We all remember September 11, 2001, only too well; this is because our brain etches fearful memories deep into our system. This property can provide selection advantages to creatures that can learn to avoid fearful situations and improve their chances to survive in a dangerous world. However, the intensification of fearful memories sometimes charges a high toll. Patients with Post-Traumatic Stress Disorder, for example, can never forget the traumatic experience they went through. Just hearing a bus horn may throw them back into the battle they wish to forget, and they will freeze in response and loose contact with their surroundings. It is clearly of much significance to unravel the genes and proteins that are responsible for such responses; once this is achieved, the door will be opened for developing rationally designed therapeutic treatments for down tuning the fierce impact of traumatic memories.
With these goals in mind, a joint team of researchers at the Max Planck Institute for Experimental Medicine in Gottingen, Germany and at The Hebrew University of Jerusalem in Israel explored memory processes in mice following immobilization stress. In their learning and memory model, mice learn to associate a fearful event with its context. Immobilization stress before subjecting mice to the learning paradigm will let the mice remember this context better; once they are back in the fearful environment, they stop moving, they "freeze". In parallel, stress leads to a change in brain neurons' gene expression. One specific change involves the acetylcholinesterase gene, which normally produces a protein product that adheres to synapses (the interaction sites through which nerve cells communicate with each other). Following stress, the same gene produces large quantities of a secretory protein with modified properties.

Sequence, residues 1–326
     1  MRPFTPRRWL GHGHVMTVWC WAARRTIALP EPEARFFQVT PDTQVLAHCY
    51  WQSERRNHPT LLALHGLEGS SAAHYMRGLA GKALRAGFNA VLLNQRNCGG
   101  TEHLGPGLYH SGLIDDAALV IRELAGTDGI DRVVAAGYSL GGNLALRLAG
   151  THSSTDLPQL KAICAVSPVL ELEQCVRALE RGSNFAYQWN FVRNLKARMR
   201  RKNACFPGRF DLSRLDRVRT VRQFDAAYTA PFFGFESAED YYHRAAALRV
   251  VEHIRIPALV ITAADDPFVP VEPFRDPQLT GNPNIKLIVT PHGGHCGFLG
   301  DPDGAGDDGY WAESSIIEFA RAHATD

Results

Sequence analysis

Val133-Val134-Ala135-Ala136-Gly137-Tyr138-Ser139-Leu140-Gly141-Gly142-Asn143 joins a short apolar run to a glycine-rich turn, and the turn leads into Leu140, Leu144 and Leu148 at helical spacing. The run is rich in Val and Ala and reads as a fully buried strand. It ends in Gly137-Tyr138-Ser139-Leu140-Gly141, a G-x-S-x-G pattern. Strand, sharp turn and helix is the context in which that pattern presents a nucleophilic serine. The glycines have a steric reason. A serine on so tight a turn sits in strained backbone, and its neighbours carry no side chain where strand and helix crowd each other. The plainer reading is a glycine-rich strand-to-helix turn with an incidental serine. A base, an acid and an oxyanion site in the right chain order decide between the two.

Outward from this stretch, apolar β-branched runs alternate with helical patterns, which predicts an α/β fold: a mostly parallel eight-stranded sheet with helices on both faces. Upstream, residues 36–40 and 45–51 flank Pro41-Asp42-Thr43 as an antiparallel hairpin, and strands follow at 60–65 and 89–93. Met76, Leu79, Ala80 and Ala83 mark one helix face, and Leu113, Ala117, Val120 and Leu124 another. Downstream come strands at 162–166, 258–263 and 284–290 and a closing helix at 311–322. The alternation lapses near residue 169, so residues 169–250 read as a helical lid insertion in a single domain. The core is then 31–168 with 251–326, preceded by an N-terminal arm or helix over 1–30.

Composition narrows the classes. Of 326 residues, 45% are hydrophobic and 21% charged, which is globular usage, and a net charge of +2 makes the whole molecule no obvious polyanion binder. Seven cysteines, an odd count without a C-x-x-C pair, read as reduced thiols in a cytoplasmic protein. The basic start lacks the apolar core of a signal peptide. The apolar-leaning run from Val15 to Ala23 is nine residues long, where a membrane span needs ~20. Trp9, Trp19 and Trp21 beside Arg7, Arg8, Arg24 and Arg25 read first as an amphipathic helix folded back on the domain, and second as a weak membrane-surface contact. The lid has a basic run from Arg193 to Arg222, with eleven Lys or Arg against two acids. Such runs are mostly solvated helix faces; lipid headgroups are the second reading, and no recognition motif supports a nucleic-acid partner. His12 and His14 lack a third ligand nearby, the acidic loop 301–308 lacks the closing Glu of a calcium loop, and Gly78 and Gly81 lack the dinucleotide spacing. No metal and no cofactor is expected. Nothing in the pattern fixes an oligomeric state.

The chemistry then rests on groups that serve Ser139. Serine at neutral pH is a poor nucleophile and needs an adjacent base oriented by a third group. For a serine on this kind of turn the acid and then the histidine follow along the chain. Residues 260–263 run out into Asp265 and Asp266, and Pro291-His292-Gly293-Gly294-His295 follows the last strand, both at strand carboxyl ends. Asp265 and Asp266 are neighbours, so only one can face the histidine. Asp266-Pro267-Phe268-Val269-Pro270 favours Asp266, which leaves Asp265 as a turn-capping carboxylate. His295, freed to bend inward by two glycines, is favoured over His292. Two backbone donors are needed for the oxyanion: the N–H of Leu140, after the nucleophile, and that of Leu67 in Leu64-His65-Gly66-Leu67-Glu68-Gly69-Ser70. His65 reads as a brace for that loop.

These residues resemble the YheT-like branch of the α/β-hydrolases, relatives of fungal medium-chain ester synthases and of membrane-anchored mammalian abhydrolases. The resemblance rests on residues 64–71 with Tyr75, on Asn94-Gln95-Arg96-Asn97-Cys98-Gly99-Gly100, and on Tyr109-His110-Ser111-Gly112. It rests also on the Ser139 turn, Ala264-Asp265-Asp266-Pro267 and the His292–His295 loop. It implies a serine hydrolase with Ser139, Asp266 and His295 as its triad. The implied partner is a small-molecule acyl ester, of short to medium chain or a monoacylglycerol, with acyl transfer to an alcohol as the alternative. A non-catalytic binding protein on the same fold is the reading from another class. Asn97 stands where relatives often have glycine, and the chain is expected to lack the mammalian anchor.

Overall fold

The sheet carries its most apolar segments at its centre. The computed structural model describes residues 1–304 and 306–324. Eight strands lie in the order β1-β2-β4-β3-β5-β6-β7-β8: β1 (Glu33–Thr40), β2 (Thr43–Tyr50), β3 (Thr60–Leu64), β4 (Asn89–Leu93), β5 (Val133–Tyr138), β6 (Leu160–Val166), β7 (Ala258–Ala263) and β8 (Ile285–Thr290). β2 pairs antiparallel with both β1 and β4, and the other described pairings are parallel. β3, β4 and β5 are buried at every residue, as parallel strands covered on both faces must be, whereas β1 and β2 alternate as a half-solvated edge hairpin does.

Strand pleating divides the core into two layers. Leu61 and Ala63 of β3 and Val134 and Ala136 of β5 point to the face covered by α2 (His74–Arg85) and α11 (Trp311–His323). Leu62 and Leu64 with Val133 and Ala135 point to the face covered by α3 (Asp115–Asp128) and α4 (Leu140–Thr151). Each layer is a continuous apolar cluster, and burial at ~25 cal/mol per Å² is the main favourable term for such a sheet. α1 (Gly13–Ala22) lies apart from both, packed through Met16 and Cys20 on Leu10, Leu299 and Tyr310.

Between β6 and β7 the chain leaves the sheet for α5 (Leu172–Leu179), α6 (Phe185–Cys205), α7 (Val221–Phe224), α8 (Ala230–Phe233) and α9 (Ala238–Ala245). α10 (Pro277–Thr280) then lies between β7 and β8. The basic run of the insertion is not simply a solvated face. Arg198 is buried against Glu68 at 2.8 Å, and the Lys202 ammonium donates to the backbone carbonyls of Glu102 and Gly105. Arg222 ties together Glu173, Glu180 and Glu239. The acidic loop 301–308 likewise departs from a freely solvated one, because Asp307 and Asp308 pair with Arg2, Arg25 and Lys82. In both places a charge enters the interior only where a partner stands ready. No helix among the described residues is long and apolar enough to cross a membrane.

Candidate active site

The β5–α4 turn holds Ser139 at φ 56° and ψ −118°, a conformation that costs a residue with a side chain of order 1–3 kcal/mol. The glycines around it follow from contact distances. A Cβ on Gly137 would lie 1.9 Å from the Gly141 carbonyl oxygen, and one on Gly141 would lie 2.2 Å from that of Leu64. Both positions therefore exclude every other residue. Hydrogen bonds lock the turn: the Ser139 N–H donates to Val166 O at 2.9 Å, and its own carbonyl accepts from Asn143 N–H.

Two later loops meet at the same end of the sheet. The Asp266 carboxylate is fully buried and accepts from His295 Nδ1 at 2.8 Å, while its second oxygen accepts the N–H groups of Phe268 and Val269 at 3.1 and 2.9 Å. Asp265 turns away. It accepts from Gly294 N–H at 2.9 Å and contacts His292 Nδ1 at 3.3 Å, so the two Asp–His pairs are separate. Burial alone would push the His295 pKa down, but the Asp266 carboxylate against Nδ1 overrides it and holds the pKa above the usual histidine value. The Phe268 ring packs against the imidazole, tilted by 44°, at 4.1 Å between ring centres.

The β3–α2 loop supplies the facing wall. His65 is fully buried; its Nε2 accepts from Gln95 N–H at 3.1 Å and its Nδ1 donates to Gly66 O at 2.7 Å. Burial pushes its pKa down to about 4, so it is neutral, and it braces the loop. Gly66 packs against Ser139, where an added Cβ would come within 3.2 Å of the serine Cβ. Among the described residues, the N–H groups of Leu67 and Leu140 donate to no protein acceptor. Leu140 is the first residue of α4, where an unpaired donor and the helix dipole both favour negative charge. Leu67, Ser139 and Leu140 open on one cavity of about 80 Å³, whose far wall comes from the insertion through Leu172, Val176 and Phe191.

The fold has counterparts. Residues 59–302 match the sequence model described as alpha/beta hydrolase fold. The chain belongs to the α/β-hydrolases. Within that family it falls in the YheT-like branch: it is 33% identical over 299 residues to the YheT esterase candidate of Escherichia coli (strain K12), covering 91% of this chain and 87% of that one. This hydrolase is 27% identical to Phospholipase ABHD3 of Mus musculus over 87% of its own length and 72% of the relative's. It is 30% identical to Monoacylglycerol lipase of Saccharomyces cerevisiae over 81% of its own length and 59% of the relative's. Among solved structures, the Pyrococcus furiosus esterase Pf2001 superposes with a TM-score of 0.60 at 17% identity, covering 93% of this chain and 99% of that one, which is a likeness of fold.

The effects of the observed changes in gene functioning were also tested. This involved measuring neuronal electrical signals. In the current sPage: 1 2 Related biology news :1
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